NAIA among ‘high-risk’ airports in Asia-Pacific – global airlines
MANILA, Philippines – Due to its unresolved safety concerns and poor infrastructure, the Ninoy Aquino International Airport (NAIA) has been tagged anew as one of the high-risks airports in the Asia-Pacific region, a paper published by the International Air Transport Association (IATA) showed.
In a recently-released paper entitled “Immediate and long-term priorities for Manila Airports,” IATA said member airlines have grave concerns about the safety of the ground movement operations and management of the airside infrastructure at the NAIA.
Airlines routinely characterized NAIA as one of the top high-risk airports in the Asia-Pacific region from 2010 to 2013 due to air traffic management issues. These include extended holding, vectors and delays, non-standard air traffic control procedures, among others.
Thus, Blair Cowles, IATA regional director for safety and flight operations in the Asia-Pacific, issued on May 26 an operational notice to all airline members flying to the Philippines via NAIA.
“This operational notice alerts airlines to the ongoing risk to aircraft operations at Manila arising from unaddressed deficiencies in airside ground movement aids,” Cowles said.
Cowles said the association had received an increasing number of airline safety reports since 2012. These cited deficiencies in airport signage, markings, lighting, and charting, particularly at the intersection of Runway 31/13 and Runway 06/ 24, known as “hotspot” area.
Flight crews had described this “hotspot” area as poorly lit, featuring markings and signage that are non-standard and poorly maintained, and confusing due to the complex configuration of taxiways, IATA said.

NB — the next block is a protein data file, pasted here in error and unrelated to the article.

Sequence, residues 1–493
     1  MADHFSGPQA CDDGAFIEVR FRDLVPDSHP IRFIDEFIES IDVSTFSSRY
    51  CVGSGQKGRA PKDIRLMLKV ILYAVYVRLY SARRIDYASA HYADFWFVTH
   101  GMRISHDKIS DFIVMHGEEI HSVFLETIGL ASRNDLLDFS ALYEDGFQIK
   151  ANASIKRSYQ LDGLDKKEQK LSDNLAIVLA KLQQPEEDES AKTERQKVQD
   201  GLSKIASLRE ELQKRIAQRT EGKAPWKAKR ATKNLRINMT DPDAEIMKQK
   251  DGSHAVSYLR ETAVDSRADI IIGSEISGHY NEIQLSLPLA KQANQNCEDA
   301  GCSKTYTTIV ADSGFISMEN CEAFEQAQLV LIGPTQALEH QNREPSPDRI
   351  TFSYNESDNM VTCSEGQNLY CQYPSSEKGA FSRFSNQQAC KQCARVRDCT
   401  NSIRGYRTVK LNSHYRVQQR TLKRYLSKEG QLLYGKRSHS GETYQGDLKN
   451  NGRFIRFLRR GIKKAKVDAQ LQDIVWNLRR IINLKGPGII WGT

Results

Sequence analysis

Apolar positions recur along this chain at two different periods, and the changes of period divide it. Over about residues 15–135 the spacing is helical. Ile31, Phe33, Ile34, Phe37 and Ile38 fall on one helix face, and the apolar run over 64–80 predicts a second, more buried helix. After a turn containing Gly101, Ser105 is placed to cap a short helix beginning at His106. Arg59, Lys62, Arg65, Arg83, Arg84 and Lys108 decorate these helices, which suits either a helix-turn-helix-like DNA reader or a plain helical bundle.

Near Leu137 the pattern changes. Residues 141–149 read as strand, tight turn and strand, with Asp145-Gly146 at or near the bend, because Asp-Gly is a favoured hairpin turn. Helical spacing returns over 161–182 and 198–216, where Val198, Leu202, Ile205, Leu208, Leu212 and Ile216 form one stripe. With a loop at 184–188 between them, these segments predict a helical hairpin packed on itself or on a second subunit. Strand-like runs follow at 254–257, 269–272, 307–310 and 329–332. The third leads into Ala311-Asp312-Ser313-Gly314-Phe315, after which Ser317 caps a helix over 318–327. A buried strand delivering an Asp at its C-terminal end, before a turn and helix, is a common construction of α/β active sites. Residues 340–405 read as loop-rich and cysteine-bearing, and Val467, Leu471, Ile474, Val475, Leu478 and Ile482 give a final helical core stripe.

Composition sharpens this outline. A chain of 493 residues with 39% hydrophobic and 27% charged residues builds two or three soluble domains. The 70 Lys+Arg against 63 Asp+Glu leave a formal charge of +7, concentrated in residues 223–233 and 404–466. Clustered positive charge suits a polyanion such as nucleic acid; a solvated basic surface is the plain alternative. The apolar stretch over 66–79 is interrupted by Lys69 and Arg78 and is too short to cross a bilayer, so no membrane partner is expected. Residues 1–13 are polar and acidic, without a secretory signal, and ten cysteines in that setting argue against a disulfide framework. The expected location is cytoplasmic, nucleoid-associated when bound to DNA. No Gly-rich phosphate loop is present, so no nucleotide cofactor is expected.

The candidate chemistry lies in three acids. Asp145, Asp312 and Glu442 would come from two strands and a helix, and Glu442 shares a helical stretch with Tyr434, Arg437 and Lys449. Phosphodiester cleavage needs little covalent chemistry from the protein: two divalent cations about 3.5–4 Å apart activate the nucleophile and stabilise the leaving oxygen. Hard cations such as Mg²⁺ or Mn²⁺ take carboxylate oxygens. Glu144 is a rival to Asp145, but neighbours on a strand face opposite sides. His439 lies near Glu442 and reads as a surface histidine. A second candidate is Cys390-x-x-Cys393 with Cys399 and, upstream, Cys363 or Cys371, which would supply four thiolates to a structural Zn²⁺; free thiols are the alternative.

IATA added it had received 3 reports of runway incursion events in the “hotspot” area since November 2014.
To reduce airside ground safety risks at the “hotspot” area,” IATA said ground movement aids should be installed and maintained while air traffic control procedures should be put in place.
Aeronautical charts should be updated to accurately depict the existing airfield layout, dimensions, and markings, it added.
IATA also reiterated that more efficient air traffic control and improvements in the runway system are needed. These will optimize the current capacity and increase the throughput to 51 or even 56 take-offs and landings per hour from the current 40 movements.
“An increase of 40% in capacity will go a long way in reducing the congestion issues at the airport,” IATA said.
The government should also reprioritize sufficient investment and resources in NAIA over the short- to medium-term to relieve congestion and help address current capacity constraints.
“Limited investment in NAIA will continue to result in the ongoing degradation of passenger experience. This will have a detrimental impact on the airport’s ability to attract transfer traffic, and the airport’s reputation in the region,” it said.
Also being pushed are the construction of all new terminal buildings with sufficient structural flexibility to safeguard for evolving trends in the industry, additional building levels, power requirements, new aircraft types, emerging technologies, changing security and immigration requirements, and the ability to improve levels of service.
The government could also use the Clark International Airport in Pampanga as an interim solution to alleviate some of the current capacity issues of NAIA.
But IATA said Clark International Airport should not be developed to become the long-term primary gateway. (READ: Hate flight delays, cancellations? Take Clark International Airport)
Instead, IATA said the Philippines should develop a new greenfield airport with sufficient capacity to meet Manila’s aviation needs within a 50 kilometer radius from the city center. (READ: Sangley airport as 3rd NAIA runway?) – Rappler.com